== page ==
DENNIS ODA / DODA@STARBULLETIN.COM
The city is asking Windward residents to conserve water. Here, Arthur Aiu of the Board of Water Supply led a media tour yesterday through Waihee Tunnel, a main water supply route.
Oahu’s wet side facing a drought
The city asks folks on the Windward side to cut their water use because of scant rain
The Honolulu Board of Water supply is asking all Windward Oahu customers to voluntarily restrict their water use by 10 percent to save water for a predicted dry remainder of the year.
WAYS TO SAVE WATER
A 10 percent reduction in water consumption for a family of four equals about 50 gallons a day, or 350 gallons a week. Here are some tips for reducing use, and how much water they could save a family of four in a week.
» Cut two minutes off showers: Save 154 gallons (38.5 gallons a person)
» Eliminate one wash load of clothes: Save 39 gallons
» Turn the water off while brushing your teeth: Save 308 gallons (77 gallons a person per week)
» Fill the sink basin to wash the dishes rather than running the water: 175 gallons saved
Some residents were surprised by the call for conservation because it has been raining recently, but most said it was a good idea if officials expect water levels to be low.
Barbara Brown of Kaaawa supported conservation, despite her surprise at a water shortage.
"Everything's nice and green," she said. "If you judge by the greenery around, how can you say there's a shortage?"
The Board of Water Supply said the current supply level is not critical, but might be short if the drought continues into the rainy season, which usually starts in October.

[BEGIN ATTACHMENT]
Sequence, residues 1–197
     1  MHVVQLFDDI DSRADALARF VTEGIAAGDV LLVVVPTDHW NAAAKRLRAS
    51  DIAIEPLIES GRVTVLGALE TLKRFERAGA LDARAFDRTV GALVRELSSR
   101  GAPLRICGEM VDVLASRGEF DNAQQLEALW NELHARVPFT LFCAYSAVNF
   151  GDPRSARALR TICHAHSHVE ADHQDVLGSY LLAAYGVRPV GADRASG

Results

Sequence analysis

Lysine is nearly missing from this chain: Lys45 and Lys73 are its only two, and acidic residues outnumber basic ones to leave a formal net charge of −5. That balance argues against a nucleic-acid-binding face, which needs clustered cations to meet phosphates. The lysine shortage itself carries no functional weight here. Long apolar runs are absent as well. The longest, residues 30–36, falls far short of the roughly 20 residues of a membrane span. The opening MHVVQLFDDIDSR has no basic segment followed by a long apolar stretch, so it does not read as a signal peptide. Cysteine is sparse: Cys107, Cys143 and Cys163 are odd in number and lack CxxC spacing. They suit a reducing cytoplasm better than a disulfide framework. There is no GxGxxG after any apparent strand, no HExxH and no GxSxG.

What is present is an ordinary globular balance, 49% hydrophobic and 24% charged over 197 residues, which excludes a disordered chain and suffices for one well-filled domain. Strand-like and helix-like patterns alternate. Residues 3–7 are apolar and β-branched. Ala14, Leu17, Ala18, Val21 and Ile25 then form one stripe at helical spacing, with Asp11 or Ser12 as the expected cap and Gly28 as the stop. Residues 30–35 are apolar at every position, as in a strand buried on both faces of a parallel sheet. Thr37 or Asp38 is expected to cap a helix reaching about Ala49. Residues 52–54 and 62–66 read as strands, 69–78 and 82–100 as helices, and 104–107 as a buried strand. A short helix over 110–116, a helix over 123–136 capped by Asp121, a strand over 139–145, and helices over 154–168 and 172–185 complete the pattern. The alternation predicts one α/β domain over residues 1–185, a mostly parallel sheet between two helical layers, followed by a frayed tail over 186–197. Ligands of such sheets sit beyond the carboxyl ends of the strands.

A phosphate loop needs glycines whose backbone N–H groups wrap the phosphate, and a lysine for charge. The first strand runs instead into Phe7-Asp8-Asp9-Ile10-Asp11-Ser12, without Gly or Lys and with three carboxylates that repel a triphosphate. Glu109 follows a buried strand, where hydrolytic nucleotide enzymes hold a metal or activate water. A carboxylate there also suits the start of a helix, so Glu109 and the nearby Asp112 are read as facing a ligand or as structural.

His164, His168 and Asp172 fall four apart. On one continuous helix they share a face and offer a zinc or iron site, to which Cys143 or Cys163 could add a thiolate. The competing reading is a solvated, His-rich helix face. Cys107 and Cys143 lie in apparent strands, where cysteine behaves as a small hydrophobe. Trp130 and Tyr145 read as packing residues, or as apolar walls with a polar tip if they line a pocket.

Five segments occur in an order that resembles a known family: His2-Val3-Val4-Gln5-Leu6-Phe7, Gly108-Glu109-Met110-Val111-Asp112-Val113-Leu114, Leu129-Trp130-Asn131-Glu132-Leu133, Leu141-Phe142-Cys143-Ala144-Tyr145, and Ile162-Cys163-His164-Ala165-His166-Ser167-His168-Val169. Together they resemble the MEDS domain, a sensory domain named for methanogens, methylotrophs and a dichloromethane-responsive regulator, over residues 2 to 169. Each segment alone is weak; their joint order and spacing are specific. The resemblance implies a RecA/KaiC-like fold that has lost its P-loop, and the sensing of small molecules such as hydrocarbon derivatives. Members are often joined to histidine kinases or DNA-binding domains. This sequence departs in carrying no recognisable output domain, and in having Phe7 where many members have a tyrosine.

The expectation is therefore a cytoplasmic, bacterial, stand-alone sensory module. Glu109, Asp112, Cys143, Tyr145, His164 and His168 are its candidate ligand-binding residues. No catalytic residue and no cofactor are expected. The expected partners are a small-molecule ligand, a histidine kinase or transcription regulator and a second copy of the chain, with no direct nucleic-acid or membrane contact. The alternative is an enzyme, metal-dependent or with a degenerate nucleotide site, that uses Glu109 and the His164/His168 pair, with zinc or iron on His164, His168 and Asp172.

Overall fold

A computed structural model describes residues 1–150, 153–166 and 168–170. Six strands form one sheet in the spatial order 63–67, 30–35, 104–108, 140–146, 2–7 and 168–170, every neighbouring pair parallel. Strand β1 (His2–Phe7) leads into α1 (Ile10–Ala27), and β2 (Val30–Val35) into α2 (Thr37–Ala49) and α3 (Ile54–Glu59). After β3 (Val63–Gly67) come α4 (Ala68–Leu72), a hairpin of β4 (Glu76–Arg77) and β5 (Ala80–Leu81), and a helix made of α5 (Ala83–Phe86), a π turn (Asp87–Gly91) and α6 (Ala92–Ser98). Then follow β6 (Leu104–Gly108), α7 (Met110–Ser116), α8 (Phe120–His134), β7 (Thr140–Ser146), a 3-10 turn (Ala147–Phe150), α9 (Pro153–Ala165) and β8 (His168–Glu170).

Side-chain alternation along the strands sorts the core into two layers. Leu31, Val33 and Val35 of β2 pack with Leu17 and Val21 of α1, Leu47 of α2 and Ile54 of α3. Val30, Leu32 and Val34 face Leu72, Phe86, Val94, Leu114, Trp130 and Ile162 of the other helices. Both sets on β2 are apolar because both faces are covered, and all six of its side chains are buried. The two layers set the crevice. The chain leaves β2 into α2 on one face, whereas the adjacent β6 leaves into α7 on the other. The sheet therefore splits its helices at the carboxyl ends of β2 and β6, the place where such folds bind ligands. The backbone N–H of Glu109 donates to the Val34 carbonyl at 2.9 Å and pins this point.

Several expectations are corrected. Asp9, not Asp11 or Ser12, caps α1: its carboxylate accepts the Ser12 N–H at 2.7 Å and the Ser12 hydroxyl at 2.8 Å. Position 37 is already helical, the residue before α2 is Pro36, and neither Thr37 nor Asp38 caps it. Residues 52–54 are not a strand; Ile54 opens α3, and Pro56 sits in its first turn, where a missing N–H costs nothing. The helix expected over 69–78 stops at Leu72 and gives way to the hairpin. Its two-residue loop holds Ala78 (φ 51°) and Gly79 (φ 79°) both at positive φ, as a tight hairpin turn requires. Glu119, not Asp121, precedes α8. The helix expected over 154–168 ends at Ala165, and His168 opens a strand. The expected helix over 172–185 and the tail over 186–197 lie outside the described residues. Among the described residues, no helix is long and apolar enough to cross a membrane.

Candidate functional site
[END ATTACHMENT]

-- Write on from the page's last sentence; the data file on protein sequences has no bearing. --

"We've experienced a period of very low rainfall over the spring and summer," said Cliff Lum, manager and chief engineer of the Board of Water Supply. "This is a necessary and protective step ... to avoid having to go through more stringent measures in the future."
The board is focusing on a special schedule for irrigation, which makes up about 50 percent of the water use in an average household.
Water users are asked to limit irrigation to three times a week -- Sunday, Tuesday and Thursday -- which will give four days a week for the water sources to recover.
The board has also asked city, state and federal agencies to conserve water and follow the irrigation schedule.
The Board Of Water Supply is asking Windward residents to conserve water due to eight months of drought conditions.
Low rainfall began in mid-February, said Kevin Kodama, a hydrologist with the National Weather Service in Honolulu. Many Windward rain gauges are showing less than 50 percent of normal rainfall.
The weather service predicts that dry weather will continue through the end of December, he said.
The voluntary water reduction, which begins tomorrow and could last for months, is for the area from Hauula to Makapuu.
Dry conditions extend across the state at varying degrees, said state Drought and Water Conservation Coordinator Neal Fujii. He said the federal government designated Hawaii a primary natural disaster area because of drought since January.
Despite low rainfall around the state, the city is focusing on the Windward side, where a large portion of water comes from shallow-water wells called dikes.
In a dike system, water is stored in porous lava rock, trapped by vertical fingers of solid lava rock. The water is close to the surface, and dikes are more susceptible to drought conditions.
About 50 percent of the Windward water comes from dike sources that have smaller capacities than deeper, larger basal aquifers that provide most of the water on the Leeward side.
Dolly Gualdarama of Ahuimanu said she already has been trying to lower her water bill by conserving water since the beginning of this year. She wipes down her car instead of washing it, and she stopped watering her yard.
"These little things, they mean a lot," she said.